The Lost Art of Feeding Ourselves — How Home Economists & Farmers Can Help #BringBackFood

Photo credit, OHEA, 2014

For Mary Carver, a professional home economist, it is hard to imagine — a 20 year old that doesn’t know how to crack an egg; a shopper wondering why he couldn’t find bananas local to Ottawa; a senior no longer eating eggs because her doctor had told her to stop eating dairy products.

The stories that Carver can rattle off are incredible, and also terrifying for someone whose job it is to ensure that we can feed ourselves.

Her experience at the Ontario Home Economist Association (OHEA) has her ears and eyes wide open for people that don’t know a few basic skills that others take for granted. Making our own meals.

Now before we go any further, let’s define making our own meals. (At least to me) Kraft Dinner, doesn’t count. Neither does a lasagna from M&M Meats, a McCain Thin Crust or Fish Sticks from ‘The Captain”. Making our own meals is putting the word ‘making’ to work. It may involve a bowl for mixing a few things together, a bit of creativity when one ingredient is missing and even some intuition beyond the microwave timer to tell you when to move on to the next step or when supper is ready. This seemingly lost art of making our own meals has both Mary and me concerned.

For her, the concern stems from some troubling trends. “Type 2 diabetes, hypertension, obesity are all on the rise,” she points out. “The evidence is there that we are not eating well.”

It’s hard to argue. Processed food consumption continues to climb, people of all ages find themselves eating out more, and other things always get in the way of cooking up that traditional meat and potato dinner that many of us grew up on.

It’s time to take some action and Mary, along with the OHEA, think they know the answer — teach kids how to cook for themselves. This novel idea of using the education system to share life skills that are clearly lacking is why they are calling for the Ontario government to introduce a mandatory food and nutrition course at some point through a student’s high school career. With seven to choose from (page 151 in this document if you’d like to see what they look like), this solution may offer some incredible benefit that not only the students today will be better with, but that us in the production of that food can help with.

Is there an opportunity for more students to tour farms, talk in-class with visiting farmers and actually start to THINK about food beyond a fad-diet or cleverly written label? Critical thinking about where food comes from, how it is produced, and opening eyes to the common marketing tactics are all tools that students can take home and use everyday, three times a day. How many other courses that you took in high school do you use that often?

Mary Carver and the OHEA have a petition online to try to round up support and will be chatting with Ontario’s Premier Kathleen Wynne about the possibility. She is hopeful, noting that Wynne mentioned a number of years when she held to role of education minister that she fully believed a food and nutrition program should be mandatory after the system was comfortable with a 4 year high school curriculum instead of the previous five. More than a decade after that change, surely the system is comfortable.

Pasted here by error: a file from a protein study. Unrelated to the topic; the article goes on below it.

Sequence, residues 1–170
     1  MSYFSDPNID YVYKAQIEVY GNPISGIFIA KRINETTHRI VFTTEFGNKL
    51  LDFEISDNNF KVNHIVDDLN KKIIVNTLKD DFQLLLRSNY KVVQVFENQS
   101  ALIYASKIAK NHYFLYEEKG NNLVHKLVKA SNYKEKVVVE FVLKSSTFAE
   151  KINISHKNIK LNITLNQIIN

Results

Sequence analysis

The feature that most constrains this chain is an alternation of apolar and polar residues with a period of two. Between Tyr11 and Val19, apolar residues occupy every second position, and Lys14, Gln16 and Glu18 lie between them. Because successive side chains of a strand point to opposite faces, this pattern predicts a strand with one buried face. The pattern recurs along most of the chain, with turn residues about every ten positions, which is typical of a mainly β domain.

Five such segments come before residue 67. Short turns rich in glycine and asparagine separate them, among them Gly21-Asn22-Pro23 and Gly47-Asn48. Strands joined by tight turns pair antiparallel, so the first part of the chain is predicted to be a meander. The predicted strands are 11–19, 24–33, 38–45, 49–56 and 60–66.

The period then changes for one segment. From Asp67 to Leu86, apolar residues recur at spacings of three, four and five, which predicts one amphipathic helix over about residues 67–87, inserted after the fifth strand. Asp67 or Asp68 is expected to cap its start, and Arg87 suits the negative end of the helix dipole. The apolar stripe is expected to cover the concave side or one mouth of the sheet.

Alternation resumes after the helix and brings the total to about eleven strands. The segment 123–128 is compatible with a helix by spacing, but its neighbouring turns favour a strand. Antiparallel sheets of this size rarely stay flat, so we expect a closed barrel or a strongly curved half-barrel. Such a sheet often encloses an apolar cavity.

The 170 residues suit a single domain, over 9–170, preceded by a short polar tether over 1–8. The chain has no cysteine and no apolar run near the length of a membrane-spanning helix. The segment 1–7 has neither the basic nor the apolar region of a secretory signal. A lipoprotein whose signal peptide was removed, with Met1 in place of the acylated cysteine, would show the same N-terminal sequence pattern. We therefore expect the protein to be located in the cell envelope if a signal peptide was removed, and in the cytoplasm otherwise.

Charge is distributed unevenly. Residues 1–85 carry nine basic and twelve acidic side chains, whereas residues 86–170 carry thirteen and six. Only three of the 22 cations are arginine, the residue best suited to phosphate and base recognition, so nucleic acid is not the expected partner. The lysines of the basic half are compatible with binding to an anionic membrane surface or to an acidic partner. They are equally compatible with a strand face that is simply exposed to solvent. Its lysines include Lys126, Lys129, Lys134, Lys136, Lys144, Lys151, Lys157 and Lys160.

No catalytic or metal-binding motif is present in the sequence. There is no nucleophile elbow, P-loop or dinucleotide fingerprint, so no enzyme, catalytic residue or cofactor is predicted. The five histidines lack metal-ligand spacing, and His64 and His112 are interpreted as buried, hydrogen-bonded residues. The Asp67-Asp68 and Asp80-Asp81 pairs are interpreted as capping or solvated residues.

It is also a great time to start building bridges to back to the farm fields. Farm groups need to take up this cause with the Home Economists to show their support for a course that is so closely connected to our own livelihoods. Farmers need to prove that we are serious about educating consumers on food production, and in the classroom can be a tremendous route to do that.

Just think about the possibilities. A beef farmer on different ways beef are produced while a roast cooks in the oven. A vegetable grower on what crops can grow on what soils, and then make a fresh salad. An egg farmer on the pros and cons of each housing system for hens and then student crack an egg (so that Mary doesn’t meet anymore 20 year olds that can’t even make a fried egg sandwich for themselves.

This isn’t about talk anymore. This is about action. It is time for the farm industry along with the education system to solve so many of today’s critical issue with one class. It’s time for Ontario to bring back food.

Share your thoughts online at #BringBackFood and push your local politicians to do the same.

Related: It’s time to re-evaluate ag lingo — A look at A&W’s latest breakfast marketing campaign


Andrew Campbell

Andrew is a dairy farmer in southern Ontario who also specializes in helping farmers learn about social media and advocacy. Once broadcasting farm news reports on the radio, he still likes to keep a close eye on news and issues relating to agriculture. Andrew is the owner of Fresh Air Media (, has a mild addiction to Twitter and believes the Brier & Scotties are the most important sporting events in the country. @FreshAirFarmer


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Carolyn Black

I wonder if we can connect high school students to farmers and farm educators through the mandatory 40-hours of volunteering they need to graduate? Student helps at farm, plants some seeds, harvests some veggies, takes a cooking class, cleans up cooking class (!), delivers food to shelters or shut-ins, etc. I’ve taught cooking classes alongside a registered dietitian – why not a farmer?

Richard Barrett

Not only Ontario but every province in Canada and the North should bring back real food to our homes. My grandson at 11 can even make cookies which includes cracking eggs. Canada’s Health cost would decrease if eating of Raw fruits and vegetables with a good safe glass of Raw Milk ( were allowed to return to all our kitchens and not just on farms. That is a Scientific guarantee with the backing of over 10 million people in North America.


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